The concept “patent income” was also expanded. Under the new regulations, reimbursement for damages due to the violation of an intellectual property right and amounts received due to the alienation of an intellectual property right, are also considered innovation income.

Temporary exemption

The new innovation income deduction allows one to take advantage of the exemption from the moment a request for an eligible intellectual property right has been submitted.  In other words, one is no longer required to already have the intellectual property right, prior to using the deduction. This is a significant change for businesses. This is considered to be a temporary exemption, due to the fact that the request is still awaiting review. As soon as the request is approved, the temporary exemption is converted into a permanent exemption.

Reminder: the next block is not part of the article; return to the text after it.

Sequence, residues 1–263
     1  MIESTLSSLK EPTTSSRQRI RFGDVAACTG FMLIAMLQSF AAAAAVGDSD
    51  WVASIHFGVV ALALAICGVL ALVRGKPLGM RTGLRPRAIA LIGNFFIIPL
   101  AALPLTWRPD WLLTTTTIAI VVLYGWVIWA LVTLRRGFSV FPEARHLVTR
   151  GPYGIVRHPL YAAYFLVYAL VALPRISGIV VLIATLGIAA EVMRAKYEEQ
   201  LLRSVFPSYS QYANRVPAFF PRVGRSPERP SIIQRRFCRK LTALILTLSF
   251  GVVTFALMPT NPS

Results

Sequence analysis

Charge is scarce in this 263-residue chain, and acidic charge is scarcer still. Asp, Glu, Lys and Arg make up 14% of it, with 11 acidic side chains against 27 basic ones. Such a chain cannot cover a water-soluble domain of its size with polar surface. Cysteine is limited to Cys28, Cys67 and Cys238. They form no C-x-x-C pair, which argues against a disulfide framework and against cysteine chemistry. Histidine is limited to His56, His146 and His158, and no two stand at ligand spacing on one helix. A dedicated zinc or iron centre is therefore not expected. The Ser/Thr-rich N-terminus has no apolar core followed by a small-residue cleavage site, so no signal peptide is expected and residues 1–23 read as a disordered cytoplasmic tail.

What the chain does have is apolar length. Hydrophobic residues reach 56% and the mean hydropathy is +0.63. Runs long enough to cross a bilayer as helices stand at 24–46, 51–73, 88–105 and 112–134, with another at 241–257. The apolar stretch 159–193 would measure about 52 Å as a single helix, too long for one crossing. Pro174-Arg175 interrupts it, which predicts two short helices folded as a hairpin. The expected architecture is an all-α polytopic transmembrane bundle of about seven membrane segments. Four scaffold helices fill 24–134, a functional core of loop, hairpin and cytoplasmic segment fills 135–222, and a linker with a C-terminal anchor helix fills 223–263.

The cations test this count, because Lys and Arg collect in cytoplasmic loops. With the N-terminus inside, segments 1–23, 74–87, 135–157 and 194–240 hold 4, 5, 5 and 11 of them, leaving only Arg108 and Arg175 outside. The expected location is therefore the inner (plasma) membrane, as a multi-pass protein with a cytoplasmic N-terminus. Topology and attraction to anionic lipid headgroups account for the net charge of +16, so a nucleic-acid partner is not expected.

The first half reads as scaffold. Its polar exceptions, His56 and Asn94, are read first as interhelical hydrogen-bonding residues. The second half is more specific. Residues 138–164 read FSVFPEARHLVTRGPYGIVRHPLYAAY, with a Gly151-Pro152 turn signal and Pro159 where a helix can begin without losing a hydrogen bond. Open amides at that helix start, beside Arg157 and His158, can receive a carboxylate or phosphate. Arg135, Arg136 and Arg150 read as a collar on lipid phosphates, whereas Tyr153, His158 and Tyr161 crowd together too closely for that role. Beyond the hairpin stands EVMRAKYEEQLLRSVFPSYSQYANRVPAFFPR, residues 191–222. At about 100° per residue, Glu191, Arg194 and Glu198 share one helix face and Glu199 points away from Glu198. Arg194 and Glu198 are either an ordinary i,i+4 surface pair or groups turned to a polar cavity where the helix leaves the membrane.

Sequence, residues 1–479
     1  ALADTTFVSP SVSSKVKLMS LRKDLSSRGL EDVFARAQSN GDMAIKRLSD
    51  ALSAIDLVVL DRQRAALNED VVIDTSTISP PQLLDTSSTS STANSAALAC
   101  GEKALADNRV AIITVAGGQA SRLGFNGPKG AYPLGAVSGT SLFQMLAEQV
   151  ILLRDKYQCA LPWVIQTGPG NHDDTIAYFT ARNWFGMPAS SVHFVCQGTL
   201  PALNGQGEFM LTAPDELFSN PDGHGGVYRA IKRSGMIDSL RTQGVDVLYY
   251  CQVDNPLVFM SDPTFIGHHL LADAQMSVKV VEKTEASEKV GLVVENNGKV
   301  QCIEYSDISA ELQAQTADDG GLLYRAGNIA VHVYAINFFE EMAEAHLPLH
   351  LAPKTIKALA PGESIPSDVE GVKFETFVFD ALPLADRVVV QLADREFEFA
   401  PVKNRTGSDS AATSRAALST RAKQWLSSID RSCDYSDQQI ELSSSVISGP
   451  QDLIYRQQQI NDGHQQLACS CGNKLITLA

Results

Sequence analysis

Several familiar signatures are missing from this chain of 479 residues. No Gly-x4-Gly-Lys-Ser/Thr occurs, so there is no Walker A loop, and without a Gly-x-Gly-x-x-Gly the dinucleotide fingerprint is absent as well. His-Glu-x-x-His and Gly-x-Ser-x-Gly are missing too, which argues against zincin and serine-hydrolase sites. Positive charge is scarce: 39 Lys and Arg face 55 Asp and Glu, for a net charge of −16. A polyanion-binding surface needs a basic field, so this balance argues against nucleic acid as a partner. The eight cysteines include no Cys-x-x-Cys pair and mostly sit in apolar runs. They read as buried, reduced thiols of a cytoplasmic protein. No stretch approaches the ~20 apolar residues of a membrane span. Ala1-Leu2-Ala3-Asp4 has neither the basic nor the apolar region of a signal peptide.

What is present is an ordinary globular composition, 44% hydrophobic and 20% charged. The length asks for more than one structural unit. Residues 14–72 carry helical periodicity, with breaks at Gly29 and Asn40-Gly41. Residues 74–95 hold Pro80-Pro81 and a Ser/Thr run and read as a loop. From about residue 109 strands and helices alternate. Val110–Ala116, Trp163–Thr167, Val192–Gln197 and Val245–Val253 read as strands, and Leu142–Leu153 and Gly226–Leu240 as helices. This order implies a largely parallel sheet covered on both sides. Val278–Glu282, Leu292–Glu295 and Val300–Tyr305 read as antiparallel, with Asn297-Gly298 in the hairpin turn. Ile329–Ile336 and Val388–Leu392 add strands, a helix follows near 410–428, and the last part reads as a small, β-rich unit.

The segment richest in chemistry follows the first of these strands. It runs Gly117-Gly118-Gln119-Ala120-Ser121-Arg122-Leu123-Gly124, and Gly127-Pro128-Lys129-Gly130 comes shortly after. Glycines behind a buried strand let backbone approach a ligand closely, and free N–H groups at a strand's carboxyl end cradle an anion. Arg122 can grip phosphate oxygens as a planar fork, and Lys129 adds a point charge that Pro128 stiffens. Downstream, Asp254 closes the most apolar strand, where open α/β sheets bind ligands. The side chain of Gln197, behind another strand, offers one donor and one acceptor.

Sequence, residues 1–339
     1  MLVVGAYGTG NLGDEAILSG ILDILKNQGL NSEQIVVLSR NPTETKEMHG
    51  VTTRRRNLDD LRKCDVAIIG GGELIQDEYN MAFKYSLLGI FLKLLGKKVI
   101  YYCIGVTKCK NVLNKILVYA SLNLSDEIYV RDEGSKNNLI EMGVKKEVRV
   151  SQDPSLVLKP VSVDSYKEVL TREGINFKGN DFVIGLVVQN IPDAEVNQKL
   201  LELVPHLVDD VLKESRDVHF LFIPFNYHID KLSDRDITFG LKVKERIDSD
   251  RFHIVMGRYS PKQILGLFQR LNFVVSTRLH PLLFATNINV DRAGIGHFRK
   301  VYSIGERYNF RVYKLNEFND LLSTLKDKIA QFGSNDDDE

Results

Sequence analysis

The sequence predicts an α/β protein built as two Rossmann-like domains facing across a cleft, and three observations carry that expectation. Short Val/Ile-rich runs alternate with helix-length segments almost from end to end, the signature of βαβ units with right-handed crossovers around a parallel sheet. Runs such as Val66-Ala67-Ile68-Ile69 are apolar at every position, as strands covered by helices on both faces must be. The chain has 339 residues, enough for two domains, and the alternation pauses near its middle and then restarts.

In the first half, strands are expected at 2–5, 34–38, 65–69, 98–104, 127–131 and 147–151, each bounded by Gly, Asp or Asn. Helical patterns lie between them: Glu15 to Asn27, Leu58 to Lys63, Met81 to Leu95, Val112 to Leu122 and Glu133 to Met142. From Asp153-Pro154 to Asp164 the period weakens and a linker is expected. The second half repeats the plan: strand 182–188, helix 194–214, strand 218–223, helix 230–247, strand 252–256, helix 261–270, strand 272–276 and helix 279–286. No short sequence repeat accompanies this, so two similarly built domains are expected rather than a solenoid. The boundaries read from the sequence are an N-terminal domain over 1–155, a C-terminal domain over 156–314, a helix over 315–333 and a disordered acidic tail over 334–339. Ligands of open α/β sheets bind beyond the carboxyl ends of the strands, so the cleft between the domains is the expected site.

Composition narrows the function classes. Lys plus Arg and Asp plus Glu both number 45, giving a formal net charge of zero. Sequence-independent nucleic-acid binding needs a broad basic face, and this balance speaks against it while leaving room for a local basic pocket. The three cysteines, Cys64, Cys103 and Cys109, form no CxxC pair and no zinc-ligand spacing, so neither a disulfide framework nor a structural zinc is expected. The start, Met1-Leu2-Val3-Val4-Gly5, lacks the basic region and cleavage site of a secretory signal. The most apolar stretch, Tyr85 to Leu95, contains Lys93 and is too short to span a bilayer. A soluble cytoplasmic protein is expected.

Retention of the deduction

The new innovation income deduction provides two additional important changes. As of July 1, 2016, the deduction will no longer be lost as a result of a tax-free contribution, fusion, a company split, or similar transaction. Additionally, deduction surpluses may be carried over to the next taxable period.

Unused deductions no longer get lost.

Transitional provisions

The new innovation income deduction is applicable retroactively. The innovation income deduction is applicable to innovation income as of July 1, 2016, despite the fact that it did not become a law until February 9, 2017. Regardless, the legislator has also provided a transitional provision. As such, the patent deduction may still be applied to patent-income obtained until and including June 30, 2012. This patent deduction has to be obtained through self-developed patents that were requested before July 1, 2016, or through improved patents and licensing rights that were actually obtained before July 1, 2016.